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    (Original post by K-Roam)
    I'm not actually at University yet but when i do go, i thought i was going to study Psychology. I've since been told that about every other student in Britain is doing it and there will be no jobs at the end! Now i've read this and it's put me off even more! Should i just give up and find something else to study or is psychology actually worth it?
    Its really competitive , especially getting on a clinical course, the more graduate the more competitive it becomes.
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    (Original post by K-Roam)
    I'm not actually at University yet but when i do go, i thought i was going to study Psychology. I've since been told that about every other student in Britain is doing it and there will be no jobs at the end! Now i've read this and it's put me off even more! Should i just give up and find something else to study or is psychology actually worth it?
    Somehow I doubt that 50% of the UK's current undergrads are Psych undergrads. Yes, there are a lot of us, but definetly not that high.
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    (Original post by xhelen1989x)
    I really do enjoy it, but no one told me whilst I was applying that to actually become a psychologist and get onto a professional course after it is like 10 places for 500 applicants or something
    However luckily that fact is screamed everywhere across the information about clinical psychology on the internet; so in theory, no-one should need to have told you
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    (Original post by questionmark)
    I had these thoughts. And sad to say I do regret doing Psychology. However, in the 3rd year you get to choose your modules so it does improve. I just wish I knew I had to had a PHD in order to be psychologist before I took this degree.
    what do you mean 'i wish i knew i had to have a pHD?'.thanks
    quote me
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    (Original post by feed-me-shoes)
    what do you mean 'i wish i knew i had to have a pHD?'.thanks
    quote me
    You need further qualifications/a lot of experience to be classed as a 'chartered psychologist'
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    (Original post by xKTx)
    You need further qualifications/a lot of experience to be classed as a 'chartered psychologist'

    What's the standard pathway to becoming a chartered Psychologist? If there is a standard? Or one way in become a chartered Psychologist?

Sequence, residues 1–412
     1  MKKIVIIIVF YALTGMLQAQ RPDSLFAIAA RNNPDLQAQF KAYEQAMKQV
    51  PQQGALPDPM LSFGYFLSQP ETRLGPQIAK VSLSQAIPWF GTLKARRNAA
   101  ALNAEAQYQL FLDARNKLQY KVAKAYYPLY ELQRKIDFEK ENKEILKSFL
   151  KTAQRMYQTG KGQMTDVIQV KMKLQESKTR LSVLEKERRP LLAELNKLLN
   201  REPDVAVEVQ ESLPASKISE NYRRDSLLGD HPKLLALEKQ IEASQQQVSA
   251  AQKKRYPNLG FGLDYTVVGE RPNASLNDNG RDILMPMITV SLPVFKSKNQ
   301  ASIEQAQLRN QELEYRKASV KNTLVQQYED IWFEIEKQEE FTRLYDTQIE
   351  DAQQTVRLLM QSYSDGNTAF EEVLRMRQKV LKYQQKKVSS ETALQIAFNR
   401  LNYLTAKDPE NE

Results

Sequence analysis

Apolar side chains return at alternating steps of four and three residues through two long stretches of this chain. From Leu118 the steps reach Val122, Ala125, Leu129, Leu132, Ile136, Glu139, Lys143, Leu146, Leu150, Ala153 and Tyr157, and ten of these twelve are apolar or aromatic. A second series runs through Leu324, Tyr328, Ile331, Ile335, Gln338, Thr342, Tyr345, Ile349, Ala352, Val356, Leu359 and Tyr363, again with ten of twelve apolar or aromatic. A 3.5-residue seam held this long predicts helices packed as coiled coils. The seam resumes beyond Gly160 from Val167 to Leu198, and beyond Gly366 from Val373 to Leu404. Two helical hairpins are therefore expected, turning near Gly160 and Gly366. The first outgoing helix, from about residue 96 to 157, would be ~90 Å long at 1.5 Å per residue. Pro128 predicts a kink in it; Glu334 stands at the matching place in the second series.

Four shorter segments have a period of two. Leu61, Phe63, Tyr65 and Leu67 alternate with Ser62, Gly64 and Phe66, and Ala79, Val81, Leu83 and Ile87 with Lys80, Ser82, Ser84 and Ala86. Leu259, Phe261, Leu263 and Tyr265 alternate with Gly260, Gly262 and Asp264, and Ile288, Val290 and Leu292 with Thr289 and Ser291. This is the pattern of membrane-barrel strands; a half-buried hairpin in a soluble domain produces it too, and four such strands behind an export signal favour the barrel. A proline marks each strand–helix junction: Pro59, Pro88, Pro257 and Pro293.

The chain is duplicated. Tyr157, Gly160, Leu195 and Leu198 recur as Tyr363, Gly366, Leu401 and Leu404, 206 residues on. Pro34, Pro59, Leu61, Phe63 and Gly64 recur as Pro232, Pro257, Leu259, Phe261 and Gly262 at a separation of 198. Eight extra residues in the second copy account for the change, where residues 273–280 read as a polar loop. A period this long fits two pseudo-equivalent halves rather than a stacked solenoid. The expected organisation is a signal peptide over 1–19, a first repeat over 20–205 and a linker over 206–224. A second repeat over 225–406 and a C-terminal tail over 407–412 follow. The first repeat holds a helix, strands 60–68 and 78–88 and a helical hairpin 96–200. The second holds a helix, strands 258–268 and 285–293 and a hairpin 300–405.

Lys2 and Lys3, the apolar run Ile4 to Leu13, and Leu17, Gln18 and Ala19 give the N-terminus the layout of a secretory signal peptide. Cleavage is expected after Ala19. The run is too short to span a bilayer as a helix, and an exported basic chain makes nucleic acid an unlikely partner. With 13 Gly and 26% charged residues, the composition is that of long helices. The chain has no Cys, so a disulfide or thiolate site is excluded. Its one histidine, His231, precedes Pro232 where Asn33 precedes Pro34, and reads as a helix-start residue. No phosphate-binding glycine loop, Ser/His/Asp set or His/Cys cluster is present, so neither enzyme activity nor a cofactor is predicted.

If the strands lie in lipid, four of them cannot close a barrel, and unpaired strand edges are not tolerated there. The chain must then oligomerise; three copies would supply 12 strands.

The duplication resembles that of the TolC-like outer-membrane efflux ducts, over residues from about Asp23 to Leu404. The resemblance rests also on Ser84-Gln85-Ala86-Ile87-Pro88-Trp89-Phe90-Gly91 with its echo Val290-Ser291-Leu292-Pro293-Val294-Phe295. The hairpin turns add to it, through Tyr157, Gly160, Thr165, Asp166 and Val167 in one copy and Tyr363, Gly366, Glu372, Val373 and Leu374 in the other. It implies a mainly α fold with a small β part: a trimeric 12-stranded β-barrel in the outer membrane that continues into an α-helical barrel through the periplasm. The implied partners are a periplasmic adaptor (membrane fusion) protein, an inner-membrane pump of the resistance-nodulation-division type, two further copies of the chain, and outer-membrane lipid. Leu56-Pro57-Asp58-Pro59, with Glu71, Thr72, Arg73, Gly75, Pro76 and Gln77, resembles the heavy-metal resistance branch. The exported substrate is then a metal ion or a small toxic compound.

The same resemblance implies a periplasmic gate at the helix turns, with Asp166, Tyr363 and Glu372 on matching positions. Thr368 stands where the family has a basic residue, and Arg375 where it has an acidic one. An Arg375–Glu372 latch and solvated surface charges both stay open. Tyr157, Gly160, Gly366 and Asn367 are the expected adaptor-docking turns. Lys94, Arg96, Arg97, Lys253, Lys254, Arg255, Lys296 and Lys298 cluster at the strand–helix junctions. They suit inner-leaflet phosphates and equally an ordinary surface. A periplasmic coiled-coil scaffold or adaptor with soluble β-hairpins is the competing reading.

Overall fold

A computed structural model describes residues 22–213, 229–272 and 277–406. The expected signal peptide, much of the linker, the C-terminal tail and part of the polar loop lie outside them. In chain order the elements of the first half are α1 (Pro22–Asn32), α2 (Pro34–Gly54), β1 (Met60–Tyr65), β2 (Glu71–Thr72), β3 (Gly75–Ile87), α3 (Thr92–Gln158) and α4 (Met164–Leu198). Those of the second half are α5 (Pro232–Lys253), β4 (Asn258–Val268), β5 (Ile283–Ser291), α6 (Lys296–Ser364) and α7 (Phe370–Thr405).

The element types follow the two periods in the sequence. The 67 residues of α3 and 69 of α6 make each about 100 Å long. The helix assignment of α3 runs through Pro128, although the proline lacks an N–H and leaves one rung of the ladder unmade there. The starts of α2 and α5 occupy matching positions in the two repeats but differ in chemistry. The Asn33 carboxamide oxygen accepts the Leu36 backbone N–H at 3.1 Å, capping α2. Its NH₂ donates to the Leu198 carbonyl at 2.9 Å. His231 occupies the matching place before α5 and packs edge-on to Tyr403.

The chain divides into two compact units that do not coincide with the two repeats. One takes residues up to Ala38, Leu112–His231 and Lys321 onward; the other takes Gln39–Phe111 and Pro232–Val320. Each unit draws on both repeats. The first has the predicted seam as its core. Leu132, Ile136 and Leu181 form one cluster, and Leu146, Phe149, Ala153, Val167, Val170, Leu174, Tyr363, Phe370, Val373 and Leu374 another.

And do you really need experience or just the qualifications?

    If you need experience as well, how many experience do you need/
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    (Original post by KadeK)
    What's the standard pathway to becoming a chartered Psychologist? If there is a standard? Or one way in become a chartered Psychologist?

    And do you really need experience or just the qualifications?

    If you need experience as well, how many experience do you need/
    It depends on what kind of Psychologist you want to be; i.e. Clinical, Educational, Forensic, Occupational etc etc.. Take a look at:
    http://www.bps.org.uk/careers/what-d...areas_home.cfm

    Generally, it consists of Undergrad (3yrs) + a lot of work experience (few years possibly) + doctorate (3 years).
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    I was thinking of doing an undergraduate degree, MSc, then a doctorate.

    And within that gain sufficient experience.
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    (Original post by KadeK)
    I was thinking of doing an undergraduate degree, MSc, then a doctorate.

    And within that gain sufficient experience.
    Easier said than done :p:
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    (Original post by GodspeedGehenna)
    Easier said than done :p:
    She could always save up, grow old and then apply for the Counselling Psych Doctorate.
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    (Original post by GodspeedGehenna)
    Easier said than done :p:

    But define "sufficient experience"? Two years? three years? Four?
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    (Original post by KadeK)
    But define "sufficient experience"? Two years? three years? Four?
    Its not necessarily a case of time, its also relevancy.
    If you are doing something not entierly relevant then obviosuly its going to take longer. As was mentioned, its alot easier said then done getting appropriate experience.

    I know someone who graduated with a good 2.1 from a top 10 university 3 years ago and is still having trouble securing relevant placements in the clinical field (which is what she wants to pursue)

    I think officially is either 1/2 years minimum for a clinical docterate, but sometimes it takes considerably longer.
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    (Original post by timetokill)